Help, My Pods Are Empty: Reasons Plants With Pods Won’t Produce

Empty Veggie Pod
empty pod
(Image credit: Arndt_Vladimir)

Your legume plants look great. They bloomed and grew pods. Yet, when harvest time rolls around, you find the pods are empty. What causes a legume to grow well, but produce a pod without peas or beans?

Solving the Mystery of Empty Pods

When gardeners find no seeds in pod varieties of vegetables, it's easy to blame the problem on a lack of pollinators. After all, pesticide use and diseases have reduced honeybee populations among producers in recent years.

A lack of pollinators does reduce yields in many types of crops, but most pea and bean varieties are self-pollinating. Often, this process occurs before the flower opens. Additionally, lack of pollination in pod-forming plants usually causes flower drop with no pod formation, not empty pods. So, let's consider some other reasons why your pods won't produce:

  • Lack of maturity. The time it takes for seeds to mature depends upon the type of pod-producing plant you're growing. Check the seed packet for the average days to maturity and be sure to give your pod-forming plants extra time to account for differences in weather.
  • Non-seed forming variety. Unlike English peas, snow peas and snap peas have edible pods with later-maturing seeds. If you're pea plants are producing a pod without peas, you may have inadvertently purchased the wrong variety or received a seed packet which was mislabeled.
  • Nutrient deficiency. Poor seed set and empty pods can be a symptom of nutritional deficiency. Low levels of soil calcium or phosphate are known causes when field bean pods won't produce seeds. To correct this problem in the home garden, have soil tested and amend as needed.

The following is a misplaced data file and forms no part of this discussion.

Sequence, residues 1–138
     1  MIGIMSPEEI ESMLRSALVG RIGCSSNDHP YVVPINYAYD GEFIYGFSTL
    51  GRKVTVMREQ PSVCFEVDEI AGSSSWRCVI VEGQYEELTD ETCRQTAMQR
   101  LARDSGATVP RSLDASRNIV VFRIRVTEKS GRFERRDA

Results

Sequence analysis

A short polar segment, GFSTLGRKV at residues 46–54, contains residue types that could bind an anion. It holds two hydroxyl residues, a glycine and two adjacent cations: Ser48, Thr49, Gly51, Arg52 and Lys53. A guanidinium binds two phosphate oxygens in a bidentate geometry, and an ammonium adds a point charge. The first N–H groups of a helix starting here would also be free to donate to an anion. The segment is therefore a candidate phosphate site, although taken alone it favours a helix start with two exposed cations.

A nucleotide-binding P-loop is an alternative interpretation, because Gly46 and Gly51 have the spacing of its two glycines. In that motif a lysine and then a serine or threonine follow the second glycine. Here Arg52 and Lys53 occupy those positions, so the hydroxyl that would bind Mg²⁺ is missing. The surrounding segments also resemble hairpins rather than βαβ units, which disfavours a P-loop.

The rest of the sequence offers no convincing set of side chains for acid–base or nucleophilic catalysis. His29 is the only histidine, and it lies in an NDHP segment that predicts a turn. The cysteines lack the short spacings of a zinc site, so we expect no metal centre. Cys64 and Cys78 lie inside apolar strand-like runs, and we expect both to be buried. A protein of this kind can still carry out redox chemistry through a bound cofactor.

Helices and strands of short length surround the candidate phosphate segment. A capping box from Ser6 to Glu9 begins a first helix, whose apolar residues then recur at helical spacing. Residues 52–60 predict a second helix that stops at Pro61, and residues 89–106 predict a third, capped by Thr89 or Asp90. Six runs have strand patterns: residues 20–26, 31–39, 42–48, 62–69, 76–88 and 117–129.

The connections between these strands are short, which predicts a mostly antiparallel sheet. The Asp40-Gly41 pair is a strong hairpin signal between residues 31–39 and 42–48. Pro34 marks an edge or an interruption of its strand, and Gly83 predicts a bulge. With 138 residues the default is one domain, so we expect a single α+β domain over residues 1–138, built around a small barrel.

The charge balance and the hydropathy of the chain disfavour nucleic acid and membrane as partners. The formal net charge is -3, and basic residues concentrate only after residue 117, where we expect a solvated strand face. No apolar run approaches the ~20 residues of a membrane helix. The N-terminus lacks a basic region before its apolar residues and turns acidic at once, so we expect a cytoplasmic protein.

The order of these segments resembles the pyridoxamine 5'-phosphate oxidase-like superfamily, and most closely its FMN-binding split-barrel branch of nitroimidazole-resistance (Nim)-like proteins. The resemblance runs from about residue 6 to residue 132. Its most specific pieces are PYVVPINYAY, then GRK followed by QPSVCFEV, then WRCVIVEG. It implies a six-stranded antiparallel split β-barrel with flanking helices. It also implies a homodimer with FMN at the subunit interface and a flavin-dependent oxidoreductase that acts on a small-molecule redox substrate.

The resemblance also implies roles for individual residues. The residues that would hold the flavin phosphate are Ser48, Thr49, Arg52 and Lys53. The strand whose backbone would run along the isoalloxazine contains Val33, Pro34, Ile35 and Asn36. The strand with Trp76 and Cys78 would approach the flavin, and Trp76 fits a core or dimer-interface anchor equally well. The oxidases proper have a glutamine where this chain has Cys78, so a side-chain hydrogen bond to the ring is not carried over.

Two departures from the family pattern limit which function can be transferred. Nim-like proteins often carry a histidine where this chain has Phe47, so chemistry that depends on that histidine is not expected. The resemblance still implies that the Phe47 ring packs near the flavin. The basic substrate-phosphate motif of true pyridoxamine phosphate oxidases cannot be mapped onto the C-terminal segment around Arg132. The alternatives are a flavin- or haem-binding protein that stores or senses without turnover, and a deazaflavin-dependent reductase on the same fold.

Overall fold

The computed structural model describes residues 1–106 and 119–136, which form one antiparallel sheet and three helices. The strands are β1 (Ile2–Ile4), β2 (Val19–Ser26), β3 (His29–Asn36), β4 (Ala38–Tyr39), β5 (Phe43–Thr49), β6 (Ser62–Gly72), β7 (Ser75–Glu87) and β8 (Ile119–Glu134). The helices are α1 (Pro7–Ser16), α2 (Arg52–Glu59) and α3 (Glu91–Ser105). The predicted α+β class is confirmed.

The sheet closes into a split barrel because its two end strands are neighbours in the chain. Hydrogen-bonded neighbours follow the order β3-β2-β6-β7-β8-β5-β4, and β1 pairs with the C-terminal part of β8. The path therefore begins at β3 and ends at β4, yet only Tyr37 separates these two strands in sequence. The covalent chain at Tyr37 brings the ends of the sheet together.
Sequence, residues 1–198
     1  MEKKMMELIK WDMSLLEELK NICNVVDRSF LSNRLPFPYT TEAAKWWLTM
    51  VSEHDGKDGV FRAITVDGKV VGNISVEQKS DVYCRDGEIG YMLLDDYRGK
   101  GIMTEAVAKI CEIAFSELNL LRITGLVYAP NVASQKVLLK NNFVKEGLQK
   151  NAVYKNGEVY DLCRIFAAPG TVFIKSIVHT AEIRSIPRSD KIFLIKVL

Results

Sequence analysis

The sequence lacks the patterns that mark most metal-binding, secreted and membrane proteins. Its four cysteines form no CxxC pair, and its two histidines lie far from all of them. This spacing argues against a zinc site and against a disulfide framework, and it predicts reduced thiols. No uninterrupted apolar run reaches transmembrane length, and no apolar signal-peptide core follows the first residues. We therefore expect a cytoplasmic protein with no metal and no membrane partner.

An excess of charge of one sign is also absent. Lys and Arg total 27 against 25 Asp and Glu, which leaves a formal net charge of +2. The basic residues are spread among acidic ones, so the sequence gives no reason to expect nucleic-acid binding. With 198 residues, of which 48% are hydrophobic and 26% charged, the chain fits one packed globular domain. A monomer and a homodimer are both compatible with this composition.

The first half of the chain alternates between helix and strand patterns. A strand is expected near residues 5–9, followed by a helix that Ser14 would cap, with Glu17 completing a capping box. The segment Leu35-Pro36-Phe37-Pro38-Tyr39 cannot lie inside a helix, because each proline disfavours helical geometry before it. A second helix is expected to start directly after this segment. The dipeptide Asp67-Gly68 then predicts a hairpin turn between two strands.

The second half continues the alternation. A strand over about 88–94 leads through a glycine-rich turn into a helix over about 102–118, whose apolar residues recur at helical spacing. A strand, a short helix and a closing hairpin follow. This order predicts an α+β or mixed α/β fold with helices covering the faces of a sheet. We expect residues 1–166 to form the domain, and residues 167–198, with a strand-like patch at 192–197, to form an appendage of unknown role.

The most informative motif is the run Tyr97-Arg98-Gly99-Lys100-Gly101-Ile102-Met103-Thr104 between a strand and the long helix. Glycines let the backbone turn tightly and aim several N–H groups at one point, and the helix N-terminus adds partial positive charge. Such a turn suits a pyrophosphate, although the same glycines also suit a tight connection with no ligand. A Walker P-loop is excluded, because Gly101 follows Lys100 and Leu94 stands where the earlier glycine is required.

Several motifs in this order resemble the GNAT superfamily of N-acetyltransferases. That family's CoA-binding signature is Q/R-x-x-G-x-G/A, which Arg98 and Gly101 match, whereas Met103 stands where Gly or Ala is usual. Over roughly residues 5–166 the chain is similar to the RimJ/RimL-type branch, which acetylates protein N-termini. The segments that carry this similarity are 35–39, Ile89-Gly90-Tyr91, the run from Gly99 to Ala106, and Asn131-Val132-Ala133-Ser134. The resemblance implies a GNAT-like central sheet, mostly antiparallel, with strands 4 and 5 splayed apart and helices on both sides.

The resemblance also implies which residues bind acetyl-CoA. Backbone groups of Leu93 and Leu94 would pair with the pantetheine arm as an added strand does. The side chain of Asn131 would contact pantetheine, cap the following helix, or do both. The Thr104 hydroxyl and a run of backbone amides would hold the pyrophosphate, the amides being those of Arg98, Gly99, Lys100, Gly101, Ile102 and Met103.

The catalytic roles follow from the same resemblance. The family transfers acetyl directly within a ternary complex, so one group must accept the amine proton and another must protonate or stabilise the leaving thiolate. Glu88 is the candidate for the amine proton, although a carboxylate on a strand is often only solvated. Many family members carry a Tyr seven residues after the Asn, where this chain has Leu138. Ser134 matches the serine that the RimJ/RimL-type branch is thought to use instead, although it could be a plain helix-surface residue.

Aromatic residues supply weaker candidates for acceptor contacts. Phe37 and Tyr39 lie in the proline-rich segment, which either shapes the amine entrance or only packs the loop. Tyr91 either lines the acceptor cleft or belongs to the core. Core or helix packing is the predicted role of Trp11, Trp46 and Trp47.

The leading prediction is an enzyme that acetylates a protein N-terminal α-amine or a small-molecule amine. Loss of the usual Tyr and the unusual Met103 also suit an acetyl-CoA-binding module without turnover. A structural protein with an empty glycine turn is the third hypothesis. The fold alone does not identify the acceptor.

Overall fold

• Nitrogen surplus. Most garden pod-producing plants are legumes, like peas and beans. Legumes have nitrogen-fixing nodes on their roots and seldom need high nitrogen fertilizer. Too much nitrogen promotes leafy growth and can inhibit seed production. If bean and peas need nutritional supplementation, use a balanced fertilizer like 10-10-10.
  • Fertilizing at the wrong time. Follow species specific guidelines for applying fertilizer. Supplementing at the wrong time or with the wrong fertilizer can encourage plant growth instead of seed production.
  • High temperatures. One of the most common reasons for no seeds in pod-forming plants is due to the weather. Daytime temperatures over 85 degrees F. (29 C.), coupled with warm nights, can affect blossom development and self-pollination. The result is few seeds or empty pods.
  • Moisture stress. It's not uncommon for fruit and garden vegetables to plump up after a good summer rain. Peas and beans generally put rapid growth into seed production when moisture levels in the soil are constant. Dry spells can postpone seed production. Drought conditions can result in pods without peas or beans. To correct this issue, apply supplemental water to beans and peas when rain falls short of 1 inch (2.5 cm.) per week.
  • F2 generation seed. Saving seeds is one method gardeners use to cut the cost of gardening. Unfortunately, seeds saved from F1 generation hybrids don't produce true to type. F2 generation hybrids can have different characteristics, such as producing few or no seeds in pod-forming plants.
Laura Miller

Laura Miller has been gardening all her life. Holding a degree in Biology, Nutrition, and Agriculture, Laura's area of expertise is vegetables, herbs, and all things edible. She lives in Ohio.